Choosing the optimal algorithm and data structure also falls into that realm, as different algorithms and data structures are optimized for different use cases, and you have to make your choice wisely. We'll have a look at some gotchas pertaining Qt's own data structures in Chapter 4, Using Data Structures and Algorithms Efficiently.

The very basic techniques such as pulling code out of a loop, such as the repeated computations or initializations of local variables, fall into that class as well, but I'm convinced you knew about this already.

Avoiding paying the high price

The techniques falling under the second point come into play if there's something we can't avoid doing, but it has a pretty high cost tagged on to it. An example of this is interaction with the operating system or hardware, such as writing data to a file or sending a packet over the network. In this case, we resort to batching, also known in I/O context as buffering—instead of writing or sending a couple of small chunks of data right away, we first gather them and then write or send them together to avoid paying the high cost each time.

On the other hand, we can apply techniques of this type too. In I/O or memory context, this would be the prefetching of data, also known as read-ahead. When reading data from a file, we read more than the user actually requested, hoping that the next portion of data will be needed soon. In the networking context, there are examples of speculative pre-resolving of Domain Name System (DNS) addresses when a user is hovering over a link in browsers or even pre-connecting to such addresses. However, such measures can turn into its counterpart when the prediction fails, and such techniques require very careful tuning!

 

 

Related techniques to be mentioned in this context are also avoidance of systemcalls and avoidance of locking to spare the costs of system call and switching to the kernel context.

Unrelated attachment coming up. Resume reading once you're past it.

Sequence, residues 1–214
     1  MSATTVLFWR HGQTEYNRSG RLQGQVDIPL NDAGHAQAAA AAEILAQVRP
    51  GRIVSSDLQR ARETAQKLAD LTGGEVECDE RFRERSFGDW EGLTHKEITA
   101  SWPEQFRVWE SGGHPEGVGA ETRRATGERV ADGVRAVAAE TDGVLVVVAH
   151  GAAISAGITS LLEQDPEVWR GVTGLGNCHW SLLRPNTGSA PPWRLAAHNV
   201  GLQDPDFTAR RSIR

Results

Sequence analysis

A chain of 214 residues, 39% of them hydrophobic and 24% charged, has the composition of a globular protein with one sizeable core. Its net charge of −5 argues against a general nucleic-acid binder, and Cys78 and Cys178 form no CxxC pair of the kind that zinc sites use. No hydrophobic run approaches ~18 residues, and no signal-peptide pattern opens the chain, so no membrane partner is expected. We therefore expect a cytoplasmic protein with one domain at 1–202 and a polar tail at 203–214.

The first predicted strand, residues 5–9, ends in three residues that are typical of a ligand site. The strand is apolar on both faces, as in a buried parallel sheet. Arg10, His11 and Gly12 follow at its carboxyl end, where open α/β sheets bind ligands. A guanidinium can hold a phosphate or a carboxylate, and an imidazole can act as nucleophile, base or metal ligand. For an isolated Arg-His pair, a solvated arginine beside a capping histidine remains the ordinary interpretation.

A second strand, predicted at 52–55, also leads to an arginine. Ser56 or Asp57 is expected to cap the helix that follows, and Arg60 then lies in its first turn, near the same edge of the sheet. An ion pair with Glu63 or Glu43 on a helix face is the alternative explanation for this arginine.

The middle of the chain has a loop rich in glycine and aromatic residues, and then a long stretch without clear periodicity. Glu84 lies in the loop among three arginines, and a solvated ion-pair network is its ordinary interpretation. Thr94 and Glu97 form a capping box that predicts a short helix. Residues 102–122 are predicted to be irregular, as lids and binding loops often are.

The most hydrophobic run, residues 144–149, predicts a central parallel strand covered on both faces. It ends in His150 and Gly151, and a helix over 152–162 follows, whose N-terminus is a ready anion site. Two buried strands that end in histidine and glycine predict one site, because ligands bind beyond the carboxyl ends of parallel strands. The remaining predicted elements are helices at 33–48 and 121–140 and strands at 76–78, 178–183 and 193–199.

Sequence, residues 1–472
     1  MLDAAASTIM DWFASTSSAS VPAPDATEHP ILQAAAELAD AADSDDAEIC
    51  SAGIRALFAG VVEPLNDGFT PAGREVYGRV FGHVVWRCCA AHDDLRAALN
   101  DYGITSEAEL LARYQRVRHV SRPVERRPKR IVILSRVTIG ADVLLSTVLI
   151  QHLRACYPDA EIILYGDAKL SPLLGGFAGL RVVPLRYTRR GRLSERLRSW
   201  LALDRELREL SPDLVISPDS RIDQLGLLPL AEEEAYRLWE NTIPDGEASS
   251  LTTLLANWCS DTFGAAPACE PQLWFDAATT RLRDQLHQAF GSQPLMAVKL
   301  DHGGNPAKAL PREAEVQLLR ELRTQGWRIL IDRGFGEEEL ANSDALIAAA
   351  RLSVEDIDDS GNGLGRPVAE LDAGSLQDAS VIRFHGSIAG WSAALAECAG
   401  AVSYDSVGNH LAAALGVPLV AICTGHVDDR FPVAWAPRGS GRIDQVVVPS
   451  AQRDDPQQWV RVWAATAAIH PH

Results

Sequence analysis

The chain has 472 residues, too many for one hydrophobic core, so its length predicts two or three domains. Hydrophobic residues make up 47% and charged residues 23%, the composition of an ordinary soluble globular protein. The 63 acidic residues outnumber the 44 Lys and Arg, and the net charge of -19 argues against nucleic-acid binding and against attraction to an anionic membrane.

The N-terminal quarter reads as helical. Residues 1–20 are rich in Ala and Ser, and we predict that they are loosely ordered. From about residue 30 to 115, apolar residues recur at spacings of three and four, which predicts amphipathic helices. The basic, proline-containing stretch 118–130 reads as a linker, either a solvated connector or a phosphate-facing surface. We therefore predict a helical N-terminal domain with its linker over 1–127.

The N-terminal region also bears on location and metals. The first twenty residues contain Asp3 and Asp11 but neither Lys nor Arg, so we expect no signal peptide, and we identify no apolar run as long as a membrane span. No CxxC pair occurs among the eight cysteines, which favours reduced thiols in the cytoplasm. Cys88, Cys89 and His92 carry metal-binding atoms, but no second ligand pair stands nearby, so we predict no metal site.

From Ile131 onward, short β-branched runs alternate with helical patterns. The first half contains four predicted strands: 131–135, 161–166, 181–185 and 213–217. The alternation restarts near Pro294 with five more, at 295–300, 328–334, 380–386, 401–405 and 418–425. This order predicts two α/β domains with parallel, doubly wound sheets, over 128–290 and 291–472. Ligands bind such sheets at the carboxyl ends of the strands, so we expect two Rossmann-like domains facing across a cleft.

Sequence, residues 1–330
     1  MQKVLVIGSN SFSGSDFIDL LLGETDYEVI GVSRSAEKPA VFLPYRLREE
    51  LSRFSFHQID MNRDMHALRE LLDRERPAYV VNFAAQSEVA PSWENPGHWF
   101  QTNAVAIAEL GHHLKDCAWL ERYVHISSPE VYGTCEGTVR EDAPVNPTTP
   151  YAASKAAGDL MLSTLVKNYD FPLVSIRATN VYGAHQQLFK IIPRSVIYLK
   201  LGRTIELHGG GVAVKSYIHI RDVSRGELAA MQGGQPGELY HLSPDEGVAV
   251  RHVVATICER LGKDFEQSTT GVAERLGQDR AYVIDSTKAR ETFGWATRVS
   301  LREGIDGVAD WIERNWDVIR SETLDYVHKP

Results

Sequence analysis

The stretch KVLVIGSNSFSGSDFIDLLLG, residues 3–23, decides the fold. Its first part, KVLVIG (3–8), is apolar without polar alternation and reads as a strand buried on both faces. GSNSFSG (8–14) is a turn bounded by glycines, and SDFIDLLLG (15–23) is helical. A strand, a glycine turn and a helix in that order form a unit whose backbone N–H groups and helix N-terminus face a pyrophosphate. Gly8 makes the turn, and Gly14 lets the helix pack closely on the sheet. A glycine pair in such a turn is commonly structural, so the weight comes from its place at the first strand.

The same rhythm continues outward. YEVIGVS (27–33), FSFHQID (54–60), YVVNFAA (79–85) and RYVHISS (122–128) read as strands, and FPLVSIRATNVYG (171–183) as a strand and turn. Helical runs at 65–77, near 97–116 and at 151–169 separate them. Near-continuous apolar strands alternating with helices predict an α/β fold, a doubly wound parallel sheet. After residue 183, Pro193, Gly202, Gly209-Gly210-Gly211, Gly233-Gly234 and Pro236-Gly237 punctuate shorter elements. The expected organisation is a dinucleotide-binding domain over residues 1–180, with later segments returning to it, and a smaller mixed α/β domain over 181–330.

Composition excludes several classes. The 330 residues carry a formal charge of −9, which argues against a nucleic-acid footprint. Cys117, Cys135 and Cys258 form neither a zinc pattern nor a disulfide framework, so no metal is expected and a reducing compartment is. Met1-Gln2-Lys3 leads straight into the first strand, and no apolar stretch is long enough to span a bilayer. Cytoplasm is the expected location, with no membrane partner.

We'll see some applications of such techniques in last chapters of the book when we discuss I/O, graphics , and networking.

Another example of when this rule can be used is memory management. General-purpose memory allocators tend to incur rather high costs on single allocations, so the remedy is to preallocate one big buffer at first and then use it for all needs of the program by managing it by ourselves using a custom allocation strategy. If we additionally know how big our objects are going to be, we can just allocate several buffer pools for different object sizes, making the custom allocation strategy rather simple. Preallocating memory at the start used to be a classic measure to improve the performance of memory intensive programs. We'll discuss these technical C++ details in Chapter 3, Deep Dive into C++ and Performance.

Avoiding copying data around

The techniques falling under the third point tend to be somehow of a lower-level nature. The first example is avoiding copying data when passing parameters to a function call. A suitable choice of data structure will avoid copying of data as well—just think about an automatically growing vector. In many cases, we can use preallocation techniques to prevent this (such as the reserve() method of std::vector) or choose a different data structure that will better match the intended use case.

Another common case when the copying of data can be a problem is string processing. Just adding two strings together will, in the naive implementation, allocate a new one and copy the contents of the two strings to be joined. And as much of programming contains some string manipulations, this can be a big problem indeed! The remedy for that could be using static string literals or just choosing a better library implementation for strings.